Big bucks; high stakes
Published 9:00 am Wednesday, March 17, 2010
It’s entirely appropriate — and, for the record, relevant and newsworthy — that this community’s highest-paid public servant is the man whose mission is to create jobs for its citizens.
We emphasize “public” lest Franklin-Southampton Economic Development Inc. be tempted to confuse its technically private, non-profit status with its very high-profile and public role in the community. The $300,000 in taxpayer money that supports its activities should alone disavow FSEDI officials of the notion that its finances and activities are anything less than an open book for the citizens the agency was created to serve.
If the mission of FSEDI wasn’t seen as critical two or three years ago, October’s announcement by International Paper Co. that it would close the community’s anchor employer and industrial icon by spring has put the economic-development organization squarely in the spotlight and, fair or not, on the hot seat.
The nearly $140,000 that FSEDI President and CEO John Smolak earns annually will be worth every dime if he is successful in recruiting good-paying jobs to town — to not only replace but exceed the jobs being eliminated by IP. It’s not an easy job by any stretch in a national economy that has just begun pulling out of a deep recession and in a country whose manufacturing base is evaporating. Such a job demands top talent and, by extension, a compensation package to lure that talent.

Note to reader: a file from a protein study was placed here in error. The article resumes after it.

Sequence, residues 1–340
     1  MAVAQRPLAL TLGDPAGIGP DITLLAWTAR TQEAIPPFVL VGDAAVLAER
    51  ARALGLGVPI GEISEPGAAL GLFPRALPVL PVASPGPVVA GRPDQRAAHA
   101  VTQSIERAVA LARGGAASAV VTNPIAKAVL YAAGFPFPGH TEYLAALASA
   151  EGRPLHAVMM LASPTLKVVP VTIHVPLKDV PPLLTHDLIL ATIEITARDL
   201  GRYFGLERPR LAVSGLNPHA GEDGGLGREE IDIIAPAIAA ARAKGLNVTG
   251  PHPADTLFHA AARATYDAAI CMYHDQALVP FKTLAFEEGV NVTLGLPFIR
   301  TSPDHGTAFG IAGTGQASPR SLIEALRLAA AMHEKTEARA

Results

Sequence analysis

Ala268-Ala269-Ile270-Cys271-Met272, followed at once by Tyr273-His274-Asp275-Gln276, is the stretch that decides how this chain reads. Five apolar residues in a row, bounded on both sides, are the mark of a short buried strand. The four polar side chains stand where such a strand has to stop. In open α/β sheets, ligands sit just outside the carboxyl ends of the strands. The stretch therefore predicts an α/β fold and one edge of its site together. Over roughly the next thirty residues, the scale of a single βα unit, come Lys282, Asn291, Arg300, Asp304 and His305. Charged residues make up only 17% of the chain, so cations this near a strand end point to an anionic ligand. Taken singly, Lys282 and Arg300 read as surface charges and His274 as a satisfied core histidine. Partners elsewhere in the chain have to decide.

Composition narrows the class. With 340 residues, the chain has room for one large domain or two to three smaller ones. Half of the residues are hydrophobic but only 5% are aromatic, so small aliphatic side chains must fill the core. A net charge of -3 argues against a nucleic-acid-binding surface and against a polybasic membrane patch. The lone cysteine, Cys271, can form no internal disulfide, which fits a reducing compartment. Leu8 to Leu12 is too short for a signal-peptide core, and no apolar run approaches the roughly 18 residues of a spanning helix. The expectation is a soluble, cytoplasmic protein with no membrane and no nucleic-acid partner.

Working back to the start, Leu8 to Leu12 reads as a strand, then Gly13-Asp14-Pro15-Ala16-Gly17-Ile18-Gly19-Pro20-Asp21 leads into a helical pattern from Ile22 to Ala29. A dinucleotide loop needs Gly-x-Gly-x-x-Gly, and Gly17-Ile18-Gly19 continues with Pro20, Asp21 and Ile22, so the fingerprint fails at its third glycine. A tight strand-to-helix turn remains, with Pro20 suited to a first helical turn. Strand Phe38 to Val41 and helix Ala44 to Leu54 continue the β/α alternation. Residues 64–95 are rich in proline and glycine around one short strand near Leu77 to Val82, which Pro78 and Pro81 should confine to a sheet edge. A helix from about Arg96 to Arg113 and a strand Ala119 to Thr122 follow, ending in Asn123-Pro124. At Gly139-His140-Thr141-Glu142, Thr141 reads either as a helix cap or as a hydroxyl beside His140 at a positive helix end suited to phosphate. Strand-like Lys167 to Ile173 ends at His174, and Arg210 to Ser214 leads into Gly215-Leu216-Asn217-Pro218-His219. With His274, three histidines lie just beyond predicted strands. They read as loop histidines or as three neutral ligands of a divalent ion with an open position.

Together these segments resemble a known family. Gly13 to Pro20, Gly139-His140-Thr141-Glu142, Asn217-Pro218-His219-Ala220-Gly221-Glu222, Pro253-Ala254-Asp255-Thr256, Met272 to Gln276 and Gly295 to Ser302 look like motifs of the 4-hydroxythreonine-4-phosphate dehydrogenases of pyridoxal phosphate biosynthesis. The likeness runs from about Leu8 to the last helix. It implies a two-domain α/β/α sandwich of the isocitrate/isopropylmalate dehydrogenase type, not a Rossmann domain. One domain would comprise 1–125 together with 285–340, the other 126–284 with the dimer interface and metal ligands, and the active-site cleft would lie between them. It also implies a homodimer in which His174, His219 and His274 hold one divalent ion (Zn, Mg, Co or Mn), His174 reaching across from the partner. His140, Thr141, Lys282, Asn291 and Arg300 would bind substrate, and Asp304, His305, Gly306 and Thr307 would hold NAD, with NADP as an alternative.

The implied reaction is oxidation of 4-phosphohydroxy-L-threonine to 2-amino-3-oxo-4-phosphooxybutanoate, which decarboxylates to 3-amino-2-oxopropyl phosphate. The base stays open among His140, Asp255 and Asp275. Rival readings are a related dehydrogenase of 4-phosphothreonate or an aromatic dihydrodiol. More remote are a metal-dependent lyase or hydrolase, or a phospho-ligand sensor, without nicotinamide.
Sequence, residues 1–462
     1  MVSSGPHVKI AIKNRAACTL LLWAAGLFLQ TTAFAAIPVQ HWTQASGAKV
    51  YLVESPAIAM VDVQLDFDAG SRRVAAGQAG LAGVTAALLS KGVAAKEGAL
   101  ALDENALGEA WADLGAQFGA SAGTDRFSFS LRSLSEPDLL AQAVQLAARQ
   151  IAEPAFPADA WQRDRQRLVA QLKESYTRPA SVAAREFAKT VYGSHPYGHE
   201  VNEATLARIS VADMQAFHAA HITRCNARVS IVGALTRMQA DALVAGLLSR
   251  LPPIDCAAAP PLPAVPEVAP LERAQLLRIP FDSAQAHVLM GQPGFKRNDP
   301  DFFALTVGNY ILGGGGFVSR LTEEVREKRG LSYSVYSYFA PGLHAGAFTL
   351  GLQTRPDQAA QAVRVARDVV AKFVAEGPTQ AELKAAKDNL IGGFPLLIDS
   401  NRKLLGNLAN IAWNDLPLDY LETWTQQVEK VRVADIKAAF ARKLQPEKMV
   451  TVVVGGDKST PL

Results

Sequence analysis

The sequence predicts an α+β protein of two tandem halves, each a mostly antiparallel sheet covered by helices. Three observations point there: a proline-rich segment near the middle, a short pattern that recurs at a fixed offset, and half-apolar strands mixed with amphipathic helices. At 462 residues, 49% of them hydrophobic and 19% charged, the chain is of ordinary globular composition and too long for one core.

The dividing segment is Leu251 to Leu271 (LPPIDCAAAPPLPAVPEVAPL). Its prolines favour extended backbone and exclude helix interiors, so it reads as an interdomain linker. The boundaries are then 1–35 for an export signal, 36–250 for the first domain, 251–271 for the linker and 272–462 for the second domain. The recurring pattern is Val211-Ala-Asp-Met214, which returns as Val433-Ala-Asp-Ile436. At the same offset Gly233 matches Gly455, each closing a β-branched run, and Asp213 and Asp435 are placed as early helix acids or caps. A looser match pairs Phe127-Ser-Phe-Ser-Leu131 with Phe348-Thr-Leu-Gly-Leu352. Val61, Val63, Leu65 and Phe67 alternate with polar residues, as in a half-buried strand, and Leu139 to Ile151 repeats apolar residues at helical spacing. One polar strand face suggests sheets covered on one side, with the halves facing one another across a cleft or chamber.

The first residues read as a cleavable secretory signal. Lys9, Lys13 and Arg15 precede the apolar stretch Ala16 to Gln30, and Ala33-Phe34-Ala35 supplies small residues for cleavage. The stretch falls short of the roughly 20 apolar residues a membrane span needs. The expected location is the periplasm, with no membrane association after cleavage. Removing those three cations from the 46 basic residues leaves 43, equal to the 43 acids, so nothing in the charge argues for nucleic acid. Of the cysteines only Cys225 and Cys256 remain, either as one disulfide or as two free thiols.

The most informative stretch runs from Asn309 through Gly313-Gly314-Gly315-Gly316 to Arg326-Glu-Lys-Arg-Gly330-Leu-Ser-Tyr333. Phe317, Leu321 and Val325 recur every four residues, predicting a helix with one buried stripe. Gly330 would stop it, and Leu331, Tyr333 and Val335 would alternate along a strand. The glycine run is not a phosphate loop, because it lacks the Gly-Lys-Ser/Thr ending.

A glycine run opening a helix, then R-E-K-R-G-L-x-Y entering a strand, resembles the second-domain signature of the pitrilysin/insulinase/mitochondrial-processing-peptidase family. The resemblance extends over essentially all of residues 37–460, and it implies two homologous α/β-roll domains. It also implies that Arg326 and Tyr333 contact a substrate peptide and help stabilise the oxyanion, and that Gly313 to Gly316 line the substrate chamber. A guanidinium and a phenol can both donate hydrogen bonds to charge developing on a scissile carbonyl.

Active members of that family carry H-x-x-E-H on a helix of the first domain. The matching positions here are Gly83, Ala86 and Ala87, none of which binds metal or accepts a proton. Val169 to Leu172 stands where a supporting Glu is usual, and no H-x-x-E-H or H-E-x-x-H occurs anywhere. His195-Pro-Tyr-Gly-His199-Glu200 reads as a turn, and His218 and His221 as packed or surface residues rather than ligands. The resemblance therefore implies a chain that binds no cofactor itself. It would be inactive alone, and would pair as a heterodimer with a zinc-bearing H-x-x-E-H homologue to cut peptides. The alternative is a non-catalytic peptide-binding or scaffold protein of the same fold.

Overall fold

Smolak brought impressive credentials from West Virginia five years ago and obviously has earned the confidence of his bosses on the FSEDI board, who raised his pay from the $125,000 starting salary he was given in 2005. It’s also true and understandable that the organization’s fifth year — and the corresponding expiration of an initial funding agreement by Franklin, Southampton County and private foundations — has citizens and elected officials alike eager to begin seeing a return on that investment. Regardless of the profession — from Fortune 500 CEOs to professional football coaches — with high compensation comes high expectations.
The conditions are ripe for success. The union wages of the paper mill — long blamed for the community’s inability to attract major employers — will be a non-factor next month when the mill’s machines are idled for good. Western Tidewater has a skilled — and immediately available — workforce to offer. The national economy is showing signs of life.
It’s time as a community to put behind us the economic-development failures of the past half-century and go create some jobs. When that happens, Smolak’s salary will be seen as a bargain rather than an outrage.